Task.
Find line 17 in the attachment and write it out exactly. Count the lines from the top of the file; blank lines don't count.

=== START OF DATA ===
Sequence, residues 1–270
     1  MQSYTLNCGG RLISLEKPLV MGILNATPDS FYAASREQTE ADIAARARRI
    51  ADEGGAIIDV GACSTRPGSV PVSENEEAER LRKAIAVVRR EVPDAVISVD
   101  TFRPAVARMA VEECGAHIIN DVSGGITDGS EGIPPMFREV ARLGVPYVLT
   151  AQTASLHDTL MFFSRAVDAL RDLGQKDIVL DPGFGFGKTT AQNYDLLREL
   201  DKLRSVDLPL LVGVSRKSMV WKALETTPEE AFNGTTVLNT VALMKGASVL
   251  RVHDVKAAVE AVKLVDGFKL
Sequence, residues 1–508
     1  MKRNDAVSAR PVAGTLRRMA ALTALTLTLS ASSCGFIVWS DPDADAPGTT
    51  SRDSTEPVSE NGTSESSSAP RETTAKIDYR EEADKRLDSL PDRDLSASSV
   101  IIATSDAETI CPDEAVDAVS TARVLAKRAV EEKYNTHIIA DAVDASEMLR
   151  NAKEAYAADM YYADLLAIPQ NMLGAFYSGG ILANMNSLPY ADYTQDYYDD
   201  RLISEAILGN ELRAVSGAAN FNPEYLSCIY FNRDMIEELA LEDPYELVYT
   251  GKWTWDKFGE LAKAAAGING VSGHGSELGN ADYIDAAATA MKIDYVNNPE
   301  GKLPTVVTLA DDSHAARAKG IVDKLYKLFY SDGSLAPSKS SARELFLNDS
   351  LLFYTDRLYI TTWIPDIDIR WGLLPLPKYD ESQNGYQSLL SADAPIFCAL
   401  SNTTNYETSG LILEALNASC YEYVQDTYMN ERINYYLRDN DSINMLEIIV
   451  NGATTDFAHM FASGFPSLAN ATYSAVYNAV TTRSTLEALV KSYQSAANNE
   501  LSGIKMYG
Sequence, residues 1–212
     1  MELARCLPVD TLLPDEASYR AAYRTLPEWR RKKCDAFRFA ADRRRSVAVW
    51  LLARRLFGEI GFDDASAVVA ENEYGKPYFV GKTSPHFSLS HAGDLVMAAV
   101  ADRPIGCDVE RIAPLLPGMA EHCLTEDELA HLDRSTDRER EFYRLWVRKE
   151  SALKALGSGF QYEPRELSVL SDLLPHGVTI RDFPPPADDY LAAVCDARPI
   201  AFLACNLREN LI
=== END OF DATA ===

   401  SNTTNYETSG LILEALNASC YEYVQDTYMN ERINYYLRDN DSINMLEIIV